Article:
Corruption in the Philippines
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Corruption in the Philippines

The Philippines suffers from widespread corruption,[1][obsolete source] which developed during the Spanish colonial period.[2][3] Means of corruption include graft, bribery, embezzlement, backdoor deals, nepotism, and patronage.[4][obsolete source][improper synthesis?]


Transparency International's 2018 Corruption Perception Index ranks the country (together with Albania, Bahrain, Colombia, Tanzania, and Thailand) in the 99th place out of 180 countries.[5]

The CPI score indicates the perceived level of public sector corruption on a scale of 0 - 100, where 0 means that a country is perceived as highly corrupt and 100 means that a country is perceived as very clean.

Transparency International-Philippines said some of the factors that contributed to the Philippines' (2.6) slight jump are the improvement in government service, and cutting red tape.[6]

A November 2020 Transparency International survey of nearly 20,000 citizens from 17 countries, mostly between June and September 2020, showed that more Filipinos are confident in the government's tackling of corruption compared with Asian neighbors, although they also believe corruption in government remains a big problem. 64% of Philippine respondents think that corruption has decreased in the last 12 months, while 24% believe that it increased. This was better than the average across Asia, where only 32% believe that corruption decreased and 38% said that it increased.[7]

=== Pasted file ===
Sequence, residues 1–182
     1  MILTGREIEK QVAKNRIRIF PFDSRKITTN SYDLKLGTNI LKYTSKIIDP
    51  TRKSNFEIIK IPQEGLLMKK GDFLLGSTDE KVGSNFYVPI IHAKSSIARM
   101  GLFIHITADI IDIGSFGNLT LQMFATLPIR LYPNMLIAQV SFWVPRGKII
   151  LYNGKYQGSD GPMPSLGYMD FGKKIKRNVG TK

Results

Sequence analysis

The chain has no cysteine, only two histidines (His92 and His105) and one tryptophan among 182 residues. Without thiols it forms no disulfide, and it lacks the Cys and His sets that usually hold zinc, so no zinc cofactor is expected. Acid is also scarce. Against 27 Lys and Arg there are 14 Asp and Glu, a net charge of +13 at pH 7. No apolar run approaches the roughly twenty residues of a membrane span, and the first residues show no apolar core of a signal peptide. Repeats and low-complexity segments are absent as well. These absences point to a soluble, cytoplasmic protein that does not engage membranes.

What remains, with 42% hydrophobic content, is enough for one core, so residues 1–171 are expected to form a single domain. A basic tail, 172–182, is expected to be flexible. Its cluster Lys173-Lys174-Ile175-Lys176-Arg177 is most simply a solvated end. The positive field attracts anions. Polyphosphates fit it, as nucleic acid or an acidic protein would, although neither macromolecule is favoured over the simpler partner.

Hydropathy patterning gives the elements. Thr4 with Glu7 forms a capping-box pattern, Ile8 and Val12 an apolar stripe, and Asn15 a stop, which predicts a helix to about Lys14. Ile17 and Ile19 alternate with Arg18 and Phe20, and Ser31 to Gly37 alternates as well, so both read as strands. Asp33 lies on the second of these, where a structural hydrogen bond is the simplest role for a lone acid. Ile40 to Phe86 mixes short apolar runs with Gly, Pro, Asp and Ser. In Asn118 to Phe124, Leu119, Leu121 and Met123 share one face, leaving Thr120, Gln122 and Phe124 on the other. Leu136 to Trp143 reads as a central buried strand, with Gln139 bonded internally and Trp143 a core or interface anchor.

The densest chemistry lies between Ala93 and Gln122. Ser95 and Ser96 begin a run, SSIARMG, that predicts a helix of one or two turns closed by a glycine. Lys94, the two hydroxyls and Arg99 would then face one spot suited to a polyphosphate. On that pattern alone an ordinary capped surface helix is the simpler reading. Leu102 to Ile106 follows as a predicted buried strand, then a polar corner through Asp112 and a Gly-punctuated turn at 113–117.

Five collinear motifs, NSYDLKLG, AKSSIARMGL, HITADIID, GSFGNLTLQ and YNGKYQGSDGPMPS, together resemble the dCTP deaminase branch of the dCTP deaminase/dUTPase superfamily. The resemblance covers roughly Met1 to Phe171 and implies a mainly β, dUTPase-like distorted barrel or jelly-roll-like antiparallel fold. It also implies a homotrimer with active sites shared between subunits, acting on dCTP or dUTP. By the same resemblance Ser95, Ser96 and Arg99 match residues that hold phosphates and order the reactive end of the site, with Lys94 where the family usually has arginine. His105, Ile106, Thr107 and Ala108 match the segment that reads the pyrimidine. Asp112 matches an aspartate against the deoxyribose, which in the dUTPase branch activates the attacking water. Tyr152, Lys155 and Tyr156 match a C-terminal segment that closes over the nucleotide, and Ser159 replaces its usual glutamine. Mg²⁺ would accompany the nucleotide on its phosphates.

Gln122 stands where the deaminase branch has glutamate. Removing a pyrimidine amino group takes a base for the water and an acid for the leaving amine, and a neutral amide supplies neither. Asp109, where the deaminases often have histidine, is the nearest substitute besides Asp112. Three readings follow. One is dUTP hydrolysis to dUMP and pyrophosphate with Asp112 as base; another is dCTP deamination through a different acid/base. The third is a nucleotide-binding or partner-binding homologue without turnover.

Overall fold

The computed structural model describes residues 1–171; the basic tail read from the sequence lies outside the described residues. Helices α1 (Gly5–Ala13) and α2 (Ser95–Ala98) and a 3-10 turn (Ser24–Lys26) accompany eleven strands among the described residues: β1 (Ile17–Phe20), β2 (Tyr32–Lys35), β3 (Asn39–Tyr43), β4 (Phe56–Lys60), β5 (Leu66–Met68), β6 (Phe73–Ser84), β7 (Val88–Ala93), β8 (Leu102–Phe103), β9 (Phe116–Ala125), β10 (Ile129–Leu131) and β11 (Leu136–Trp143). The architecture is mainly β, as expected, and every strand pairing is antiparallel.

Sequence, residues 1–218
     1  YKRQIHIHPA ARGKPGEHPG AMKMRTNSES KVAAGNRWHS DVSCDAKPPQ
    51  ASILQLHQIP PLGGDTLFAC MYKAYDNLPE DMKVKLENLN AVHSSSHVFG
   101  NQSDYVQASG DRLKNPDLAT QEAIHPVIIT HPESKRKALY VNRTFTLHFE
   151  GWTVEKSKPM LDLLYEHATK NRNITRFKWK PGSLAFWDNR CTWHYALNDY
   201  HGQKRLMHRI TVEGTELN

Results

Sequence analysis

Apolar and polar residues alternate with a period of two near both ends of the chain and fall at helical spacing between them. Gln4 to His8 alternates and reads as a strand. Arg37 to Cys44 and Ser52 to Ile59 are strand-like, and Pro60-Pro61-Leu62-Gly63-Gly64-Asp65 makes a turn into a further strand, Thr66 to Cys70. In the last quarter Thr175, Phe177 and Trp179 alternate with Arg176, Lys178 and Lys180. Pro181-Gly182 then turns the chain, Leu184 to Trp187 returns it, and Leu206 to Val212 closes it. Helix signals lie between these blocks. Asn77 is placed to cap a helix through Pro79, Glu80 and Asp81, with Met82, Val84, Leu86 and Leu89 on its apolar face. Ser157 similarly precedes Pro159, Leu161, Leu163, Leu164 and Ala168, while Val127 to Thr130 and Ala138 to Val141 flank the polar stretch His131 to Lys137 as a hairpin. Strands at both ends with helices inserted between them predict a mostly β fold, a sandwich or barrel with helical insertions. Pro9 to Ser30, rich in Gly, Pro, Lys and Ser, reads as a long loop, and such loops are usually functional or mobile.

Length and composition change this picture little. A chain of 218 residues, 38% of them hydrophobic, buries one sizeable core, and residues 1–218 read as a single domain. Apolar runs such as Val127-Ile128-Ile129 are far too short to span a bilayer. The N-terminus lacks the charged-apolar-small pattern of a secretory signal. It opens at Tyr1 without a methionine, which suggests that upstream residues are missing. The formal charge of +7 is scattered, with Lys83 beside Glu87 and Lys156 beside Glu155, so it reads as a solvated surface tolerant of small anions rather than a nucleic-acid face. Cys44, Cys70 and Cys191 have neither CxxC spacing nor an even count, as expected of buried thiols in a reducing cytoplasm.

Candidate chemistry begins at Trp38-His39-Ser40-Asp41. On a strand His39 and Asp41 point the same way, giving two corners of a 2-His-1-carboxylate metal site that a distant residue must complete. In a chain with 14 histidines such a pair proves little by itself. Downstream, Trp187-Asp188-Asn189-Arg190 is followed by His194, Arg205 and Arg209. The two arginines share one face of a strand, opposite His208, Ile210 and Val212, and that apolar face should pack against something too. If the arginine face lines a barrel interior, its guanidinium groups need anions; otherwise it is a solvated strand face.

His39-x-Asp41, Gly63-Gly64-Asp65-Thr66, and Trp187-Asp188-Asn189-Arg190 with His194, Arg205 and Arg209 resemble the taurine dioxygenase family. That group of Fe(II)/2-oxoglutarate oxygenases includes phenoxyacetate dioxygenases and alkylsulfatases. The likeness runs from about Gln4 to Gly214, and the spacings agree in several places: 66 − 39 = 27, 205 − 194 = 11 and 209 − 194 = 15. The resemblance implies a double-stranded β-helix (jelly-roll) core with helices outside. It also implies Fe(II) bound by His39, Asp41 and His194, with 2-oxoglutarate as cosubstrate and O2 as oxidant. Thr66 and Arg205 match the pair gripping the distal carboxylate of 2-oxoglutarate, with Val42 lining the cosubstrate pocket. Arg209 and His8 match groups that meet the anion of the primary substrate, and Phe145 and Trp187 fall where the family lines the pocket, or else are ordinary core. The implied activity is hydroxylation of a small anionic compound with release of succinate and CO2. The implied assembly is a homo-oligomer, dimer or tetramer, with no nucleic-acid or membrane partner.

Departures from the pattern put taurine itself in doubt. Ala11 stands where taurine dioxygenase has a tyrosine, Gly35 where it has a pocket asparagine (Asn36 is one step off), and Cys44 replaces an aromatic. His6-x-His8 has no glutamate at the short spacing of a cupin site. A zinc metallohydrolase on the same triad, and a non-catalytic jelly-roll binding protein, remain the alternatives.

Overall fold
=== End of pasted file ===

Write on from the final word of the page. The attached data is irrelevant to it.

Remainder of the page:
Political nepotism

The Philippine political arena is mainly arranged and operated by families or alliances of families, rather than organized around the voting for political parties.[8]

Called the padrino system, one gains favor, promotion, or political appointment through family affiliation (nepotism) or friendship (cronyism), as opposed to one's merit. The padrino system has been the source of many controversies and corruption in the Philippines.

See also



  1. ^ Jurado, Emil (March 12, 2010). "The fourth most corrupt nation". Manila Standard Today. Retrieved 2010.
  2. ^ Quah, Jon S. T. (July 21, 2011). Curbing Corruption in Asian Countries: An Impossible Dream?. Emerald Group Publishing. pp. 115-117. ISBN 978-0-85724-820-6. Retrieved 2020.
  3. ^ Sriwarakuel, Warayuth (2005). Cultural Traditions and Contemporary Challenges in Southeast Asia: Hindu and Buddhist. CRVP. p. 294. ISBN 978-1-56518-213-4. Retrieved 2021.
  4. ^ Conde, Carlos (March 13, 2007). "Philippines most corrupt, survey says". The New York Times. Retrieved 2010.
  5. ^ "Corruption Perceptions Index 2018". Transparency International. Retrieved 2019.
  6. ^ News, By Willard Cheng, ABS-CBN. "PH corruption going, going, but not yet gone".
  7. ^ Charm, Neil (25 November 2020). "Corruption still a big problem -- survey | BusinessWorld". BusinessWorld. Archived from the original on 25 November 2020. Retrieved 2021.
  8. ^ Coronel, Chua, Rimban, & Cruz The Rulemakers Philippine Center for Investigative Journalism (2007); p.49

Further reading

  This article uses material from the Wikipedia page available here. It is released under the Creative Commons Attribution-Share-Alike License 3.0.



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